Quixote Nuevo by Octavio Solis

The range of Latinidad on stage in Quixote Nuevo

The Influence of Rasquachismo

A play’s directors and designers often look to existing works of art for inspiration, and the Alley’s production of Quixote Nuevo is no exception. For this show, the team was inspired by a dynamic Chicano style. For a long time, the term “rasquache” was a negative one, which conjured words like “tacky” or “recycled.” But artists have reclaimed and rebranded the style as Rasquachismo.  

 "Rasquache is being able to take a little pushcart that sells ice cream cones and turn it into a three-bedroom house. That is the essence of it.”

-Cheech Marin, Smithsonian interview

Footage showcasing the rascquachismo aesthetic of Quixote Nuevo

Quick Listen: Cheech Marin talks about rasquachismo and Chicano art

Repurpose Your Own Legacy

The Alley’s Education team recently worked with 10 local schools to explore the power of dreams in our lives, and our community, by creating an amazing 12-foot sculpture called Ambulantes. This work of art, curated by local artist Carolina Borja, can be seen in the Alley Theatre lobby during the run of Quixote Nuevo. Here’s how it went down:  

  • Houston students were asked to create art pieces in the style of Rasquachismo. Carolina provided instructions for each student, and Alley Teaching Artists guided them through the construction. Each piece reflected themes present in the Alley’s productions of The Winter’s Tale and Quixote Nuevo.  

  • Carolina collected the hundreds of items and turned them into the stunning and massive work of art. Students and their families will see their work at the Alley while attending the 2020 production.  

Local artist Carolina Borja guiding student work

Activity: Now you do it! 

Teachers and community members can make their own Rasquachimo works of art, reflecting themes found in the play. Instructions for 5 different pieces can be found here

A Chorus of Calacas

For this adaptation, Octavio Solis incorporates an ensemble that fluidly shifts from the residents of La Plancha to a sort of Greek chorus, led by Death himself. They are the calacas- a reference to the skeletons commonly used during Day of the Dead festivals. In Quixote Nuevo, they are led by Pap Calaca, and they follow Quixote throughout the play.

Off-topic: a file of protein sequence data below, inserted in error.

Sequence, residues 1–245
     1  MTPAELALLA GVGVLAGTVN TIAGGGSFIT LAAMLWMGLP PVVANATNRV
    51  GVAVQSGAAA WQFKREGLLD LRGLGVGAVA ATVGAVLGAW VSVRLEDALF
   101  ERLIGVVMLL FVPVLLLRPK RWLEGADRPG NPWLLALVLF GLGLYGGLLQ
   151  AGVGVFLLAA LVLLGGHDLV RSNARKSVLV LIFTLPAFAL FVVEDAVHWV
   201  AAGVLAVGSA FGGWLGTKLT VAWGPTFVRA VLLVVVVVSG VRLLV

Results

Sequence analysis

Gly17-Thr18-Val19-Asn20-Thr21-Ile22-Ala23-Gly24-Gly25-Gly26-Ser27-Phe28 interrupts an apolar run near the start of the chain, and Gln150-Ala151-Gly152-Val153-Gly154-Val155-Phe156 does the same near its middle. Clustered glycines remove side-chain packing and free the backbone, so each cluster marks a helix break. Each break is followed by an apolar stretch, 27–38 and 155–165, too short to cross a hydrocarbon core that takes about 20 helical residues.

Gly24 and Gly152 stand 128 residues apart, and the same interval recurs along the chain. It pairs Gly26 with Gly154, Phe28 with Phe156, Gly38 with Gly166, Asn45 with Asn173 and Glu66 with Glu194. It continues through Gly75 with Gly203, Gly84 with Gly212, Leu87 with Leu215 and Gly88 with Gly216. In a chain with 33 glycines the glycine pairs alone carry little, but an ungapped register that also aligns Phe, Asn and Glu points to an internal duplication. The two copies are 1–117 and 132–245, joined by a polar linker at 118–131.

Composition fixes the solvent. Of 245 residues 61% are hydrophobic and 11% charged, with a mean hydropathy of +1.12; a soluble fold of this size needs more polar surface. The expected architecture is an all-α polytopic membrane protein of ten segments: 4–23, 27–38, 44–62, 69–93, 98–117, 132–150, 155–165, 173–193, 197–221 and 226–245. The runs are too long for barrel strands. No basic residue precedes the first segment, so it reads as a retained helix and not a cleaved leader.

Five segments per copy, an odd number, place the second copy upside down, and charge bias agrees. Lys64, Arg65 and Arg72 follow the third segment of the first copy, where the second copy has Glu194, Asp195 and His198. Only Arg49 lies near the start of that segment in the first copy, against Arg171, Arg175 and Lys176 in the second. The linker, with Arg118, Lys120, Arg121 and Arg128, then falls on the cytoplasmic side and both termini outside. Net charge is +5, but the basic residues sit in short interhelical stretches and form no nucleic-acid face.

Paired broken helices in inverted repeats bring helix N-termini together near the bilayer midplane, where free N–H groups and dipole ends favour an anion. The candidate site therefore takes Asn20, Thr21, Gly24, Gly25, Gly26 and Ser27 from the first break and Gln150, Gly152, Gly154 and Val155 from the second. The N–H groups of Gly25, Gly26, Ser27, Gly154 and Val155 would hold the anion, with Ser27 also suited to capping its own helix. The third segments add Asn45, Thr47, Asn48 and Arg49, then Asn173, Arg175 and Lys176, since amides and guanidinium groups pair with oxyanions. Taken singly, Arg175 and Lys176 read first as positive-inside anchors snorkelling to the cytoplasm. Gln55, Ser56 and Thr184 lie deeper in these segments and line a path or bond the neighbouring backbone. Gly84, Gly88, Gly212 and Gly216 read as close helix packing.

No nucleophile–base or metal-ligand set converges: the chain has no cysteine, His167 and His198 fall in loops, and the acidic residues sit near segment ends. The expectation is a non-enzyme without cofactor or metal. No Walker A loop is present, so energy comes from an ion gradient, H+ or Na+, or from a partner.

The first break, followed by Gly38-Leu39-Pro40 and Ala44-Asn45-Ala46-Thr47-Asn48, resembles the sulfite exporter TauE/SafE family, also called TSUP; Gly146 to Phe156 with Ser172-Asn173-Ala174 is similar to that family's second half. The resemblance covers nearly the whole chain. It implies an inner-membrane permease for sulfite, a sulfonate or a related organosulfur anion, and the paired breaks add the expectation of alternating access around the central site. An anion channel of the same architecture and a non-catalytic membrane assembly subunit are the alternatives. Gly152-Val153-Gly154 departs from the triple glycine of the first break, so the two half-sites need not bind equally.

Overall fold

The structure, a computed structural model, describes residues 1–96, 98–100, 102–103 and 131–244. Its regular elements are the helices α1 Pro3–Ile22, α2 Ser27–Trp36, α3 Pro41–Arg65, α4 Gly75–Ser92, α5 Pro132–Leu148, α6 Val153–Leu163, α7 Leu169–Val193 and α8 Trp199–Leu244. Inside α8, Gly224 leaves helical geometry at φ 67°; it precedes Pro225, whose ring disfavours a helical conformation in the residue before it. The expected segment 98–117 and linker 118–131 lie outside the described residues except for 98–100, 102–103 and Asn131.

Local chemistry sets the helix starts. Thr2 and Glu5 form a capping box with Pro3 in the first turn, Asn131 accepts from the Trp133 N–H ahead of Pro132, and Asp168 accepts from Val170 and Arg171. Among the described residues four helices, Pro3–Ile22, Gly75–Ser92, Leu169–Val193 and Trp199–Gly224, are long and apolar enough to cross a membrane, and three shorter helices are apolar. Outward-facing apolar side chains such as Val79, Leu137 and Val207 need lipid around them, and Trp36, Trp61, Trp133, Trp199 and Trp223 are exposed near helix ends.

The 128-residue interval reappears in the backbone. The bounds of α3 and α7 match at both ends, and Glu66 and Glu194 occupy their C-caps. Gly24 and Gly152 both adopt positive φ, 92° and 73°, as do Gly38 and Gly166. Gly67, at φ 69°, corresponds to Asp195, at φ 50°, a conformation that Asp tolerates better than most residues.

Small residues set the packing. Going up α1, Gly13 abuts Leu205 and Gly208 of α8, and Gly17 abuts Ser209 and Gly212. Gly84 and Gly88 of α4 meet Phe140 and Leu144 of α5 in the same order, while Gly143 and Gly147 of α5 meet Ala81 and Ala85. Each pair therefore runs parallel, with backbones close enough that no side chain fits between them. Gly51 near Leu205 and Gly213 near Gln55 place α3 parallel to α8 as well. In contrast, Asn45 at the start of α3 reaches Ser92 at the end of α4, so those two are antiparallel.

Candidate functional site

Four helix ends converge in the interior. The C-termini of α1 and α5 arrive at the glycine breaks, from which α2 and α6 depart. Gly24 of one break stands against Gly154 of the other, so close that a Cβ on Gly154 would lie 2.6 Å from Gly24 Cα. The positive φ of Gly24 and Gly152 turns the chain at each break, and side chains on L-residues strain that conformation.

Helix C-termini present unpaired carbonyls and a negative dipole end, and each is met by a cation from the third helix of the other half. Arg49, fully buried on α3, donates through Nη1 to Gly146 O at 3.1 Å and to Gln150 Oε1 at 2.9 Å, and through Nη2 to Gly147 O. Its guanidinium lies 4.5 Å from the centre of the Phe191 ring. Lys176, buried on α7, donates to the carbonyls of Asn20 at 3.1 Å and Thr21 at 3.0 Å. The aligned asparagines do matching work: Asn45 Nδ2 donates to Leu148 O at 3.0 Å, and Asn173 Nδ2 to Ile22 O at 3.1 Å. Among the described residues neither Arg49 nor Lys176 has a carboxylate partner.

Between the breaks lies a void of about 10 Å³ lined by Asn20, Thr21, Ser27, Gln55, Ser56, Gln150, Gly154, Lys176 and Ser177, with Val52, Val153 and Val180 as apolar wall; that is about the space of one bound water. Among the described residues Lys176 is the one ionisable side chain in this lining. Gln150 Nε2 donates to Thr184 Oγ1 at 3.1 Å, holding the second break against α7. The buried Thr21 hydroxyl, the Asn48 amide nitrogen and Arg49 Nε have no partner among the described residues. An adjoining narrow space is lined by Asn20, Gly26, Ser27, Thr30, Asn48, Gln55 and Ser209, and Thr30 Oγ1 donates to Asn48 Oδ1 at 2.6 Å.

"[The calacas are] a bridge between the past and the present, between one world and another, between memory and fantasy." 

KJ talks about the show's unique take on Calacas

Learn more about calacas, calaveras, & catrinas

Is it cultural exchange or appropriation? Allure covers five important aspects of traditional skull makeup to consider before you paint. 

A Unique Sound

Quixote Nuevo isn't a musical, but it is a musical play. It's filled with Tejano-inspired underscoring, soundscapes, and original songs. Even some of the instruments are original. 

Whether you're broke or flush with cash, making your own instruments can be a fun challenge.

The lyrical dialogue and intrinsic musicality of the play is a fitting tribute to the source material (it's filled with ballads and musical references).

David Molina talks about Tejano music & its influence on his design

David Molina creates a unique sound for Quixote Nuevo

If you've ever wondered what playlists your favorite literary characters might rock out to, Flavorwrie has got you covered.

Check out our guide on Misa Fronteriza to learn about (and listen to) Ranchera, Norteño, Mariachi, and more. 

Copyright Alley Theatre Education & Community Engagement 2015.